(Back) Slasher: RCE Horrors in Exim

Last week, a buffer overflow vuln, deemed CVE-2019-15846, was announced in Exim that allowed remote code execution (RCE) via a trailing backslash, perhaps like a blade-wielding ghost stalking you after being summoned to murder you (it’s never too early for Spooktober vibes). Exim is an open source mail transfer agent shipped with most Linux distros, so any Linux distro shipping Exim pre-4.92.2 is affected.

Why it’s cool: This bug allows for pre-authentication RCE to gain root privileges, which is dope in itself. Pre-auth RCE is extra leet since it means the user doesn’t even have to be logged into Exim for the attacker to exploit the bug. The attack just requires the Exim server to accept TLS connections (regardless of the TLS library), and given any security team worth their salt should be using TLS, that means basically every Exim instance in enterprises will be vulnerable. 

Digging deeper: The heap overflow bug is within the string_interpret_escape() function within the SMTP delivery process. Heap overflows are a type of buffer overflow, in which attackers overwrite memory regions allocated by a function like malloc() in the heap. Exploitation of this bug works by connecting to Exim with TLS and sending a Server Name Indication (SNI) that ends with backslash-NULL. Then, the backslash-NULL bug is exploited in string_interpret_escape(), in which the supplied SNI leads to an out-of-bounds read turning into an out-of-bounds-write.

This heap overflow is used to overwrite the header of a free memory chunk and increase its size to overlap with already-allocated chunks. Then, this new heckin’ memory chonker is used to overwrite the heap with arbitrary data. From there, the attacker could, for instance, overwrite a file path stored on the heap to write to /etc/passwd and add a new user, as Qualys outlined. But you could also replace sshd to capture creds, add cron jobs, or perform other nefarious tricks. It’s possible this bug possesses the potential for full arbitrary code execution (aka “shellcode”), though that remains to be seen.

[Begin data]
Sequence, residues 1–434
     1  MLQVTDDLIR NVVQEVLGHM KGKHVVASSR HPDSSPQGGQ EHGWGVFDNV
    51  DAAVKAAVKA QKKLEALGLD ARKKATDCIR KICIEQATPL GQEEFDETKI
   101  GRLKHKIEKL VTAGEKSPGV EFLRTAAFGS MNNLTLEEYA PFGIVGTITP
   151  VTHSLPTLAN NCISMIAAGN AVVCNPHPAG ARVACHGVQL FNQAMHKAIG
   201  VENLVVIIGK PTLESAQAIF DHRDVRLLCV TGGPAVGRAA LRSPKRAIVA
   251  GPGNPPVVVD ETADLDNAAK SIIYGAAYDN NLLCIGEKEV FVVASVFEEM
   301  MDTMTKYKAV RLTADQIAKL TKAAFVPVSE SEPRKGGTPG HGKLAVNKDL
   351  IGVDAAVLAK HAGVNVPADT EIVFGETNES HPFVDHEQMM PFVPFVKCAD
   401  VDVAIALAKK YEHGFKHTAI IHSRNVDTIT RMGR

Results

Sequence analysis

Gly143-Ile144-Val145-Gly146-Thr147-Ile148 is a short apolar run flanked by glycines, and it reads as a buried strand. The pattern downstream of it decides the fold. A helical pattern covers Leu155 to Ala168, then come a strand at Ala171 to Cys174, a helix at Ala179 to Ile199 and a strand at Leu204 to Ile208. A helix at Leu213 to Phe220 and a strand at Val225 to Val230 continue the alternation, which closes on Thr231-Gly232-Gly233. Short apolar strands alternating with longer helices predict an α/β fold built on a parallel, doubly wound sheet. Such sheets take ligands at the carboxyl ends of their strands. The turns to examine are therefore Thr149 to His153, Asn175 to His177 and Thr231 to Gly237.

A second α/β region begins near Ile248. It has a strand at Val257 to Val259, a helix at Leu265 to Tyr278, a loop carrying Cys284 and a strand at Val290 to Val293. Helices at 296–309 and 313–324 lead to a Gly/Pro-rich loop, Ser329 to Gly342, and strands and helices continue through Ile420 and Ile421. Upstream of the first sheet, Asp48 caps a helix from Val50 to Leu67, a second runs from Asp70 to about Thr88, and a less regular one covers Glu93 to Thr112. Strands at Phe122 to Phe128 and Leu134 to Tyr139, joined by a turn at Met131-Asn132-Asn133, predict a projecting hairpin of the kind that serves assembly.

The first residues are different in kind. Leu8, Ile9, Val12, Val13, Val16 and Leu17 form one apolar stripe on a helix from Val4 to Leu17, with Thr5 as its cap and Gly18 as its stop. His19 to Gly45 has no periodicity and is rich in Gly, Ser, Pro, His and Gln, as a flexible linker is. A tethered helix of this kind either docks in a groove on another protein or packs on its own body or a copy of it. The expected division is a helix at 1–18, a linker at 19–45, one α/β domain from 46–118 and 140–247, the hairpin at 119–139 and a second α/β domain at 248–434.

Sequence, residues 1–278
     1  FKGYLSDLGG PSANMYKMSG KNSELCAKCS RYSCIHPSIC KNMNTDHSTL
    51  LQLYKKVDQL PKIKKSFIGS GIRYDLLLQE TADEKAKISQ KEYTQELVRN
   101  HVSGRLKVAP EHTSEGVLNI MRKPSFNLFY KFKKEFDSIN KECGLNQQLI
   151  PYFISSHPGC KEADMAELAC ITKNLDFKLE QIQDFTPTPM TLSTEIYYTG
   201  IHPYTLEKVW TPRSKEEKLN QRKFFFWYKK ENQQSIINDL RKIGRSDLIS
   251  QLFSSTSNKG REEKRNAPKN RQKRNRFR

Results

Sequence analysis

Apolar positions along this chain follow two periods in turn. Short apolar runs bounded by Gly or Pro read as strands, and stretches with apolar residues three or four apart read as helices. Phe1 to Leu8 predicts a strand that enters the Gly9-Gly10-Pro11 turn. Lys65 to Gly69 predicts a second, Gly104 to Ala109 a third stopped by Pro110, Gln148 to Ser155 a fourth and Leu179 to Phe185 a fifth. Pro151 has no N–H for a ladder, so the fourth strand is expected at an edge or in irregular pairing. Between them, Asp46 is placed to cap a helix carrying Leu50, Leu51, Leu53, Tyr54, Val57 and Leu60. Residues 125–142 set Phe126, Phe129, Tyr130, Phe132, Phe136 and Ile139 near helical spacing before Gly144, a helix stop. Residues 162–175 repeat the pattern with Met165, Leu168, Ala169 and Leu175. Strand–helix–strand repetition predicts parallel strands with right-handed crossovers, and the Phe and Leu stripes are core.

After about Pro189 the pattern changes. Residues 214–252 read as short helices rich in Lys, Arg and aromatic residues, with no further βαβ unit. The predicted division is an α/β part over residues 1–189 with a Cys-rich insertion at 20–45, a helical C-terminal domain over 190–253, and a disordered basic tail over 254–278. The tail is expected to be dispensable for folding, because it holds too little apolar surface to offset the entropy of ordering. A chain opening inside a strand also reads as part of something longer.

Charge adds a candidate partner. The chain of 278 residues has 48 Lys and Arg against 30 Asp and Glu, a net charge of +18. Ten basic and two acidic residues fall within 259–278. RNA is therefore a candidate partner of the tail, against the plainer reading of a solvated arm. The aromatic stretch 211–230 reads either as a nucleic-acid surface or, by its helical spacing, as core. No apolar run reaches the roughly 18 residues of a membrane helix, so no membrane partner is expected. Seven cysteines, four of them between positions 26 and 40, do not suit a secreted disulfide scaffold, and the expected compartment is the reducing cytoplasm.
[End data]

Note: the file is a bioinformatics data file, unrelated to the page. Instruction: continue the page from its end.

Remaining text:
The bottom line: You may want to hit the panic button if you don’t have a proper patching process in place — a pre-auth RCE can even be tempting for unmotivated attackers. Thankfully, Debian and Ubuntu have fixes out, else you should download and build the fixed version of Exim ASAP. The only other workaround is to disable TLS, which we definitely don’t recommend.

Capsule8 customers don’t have to hit the panic button, as we have multiple ways to detect exploitation of this vuln, even if someone tries to turn this into arbitrary code execution (not just file overwrites). Ask your customer rep or contact us to learn more.

The Capsule8 Labs team conducts offensive and defensive research to understand the threat landscape for modern infrastructure and to continuously improve Capsule8’s attack coverage.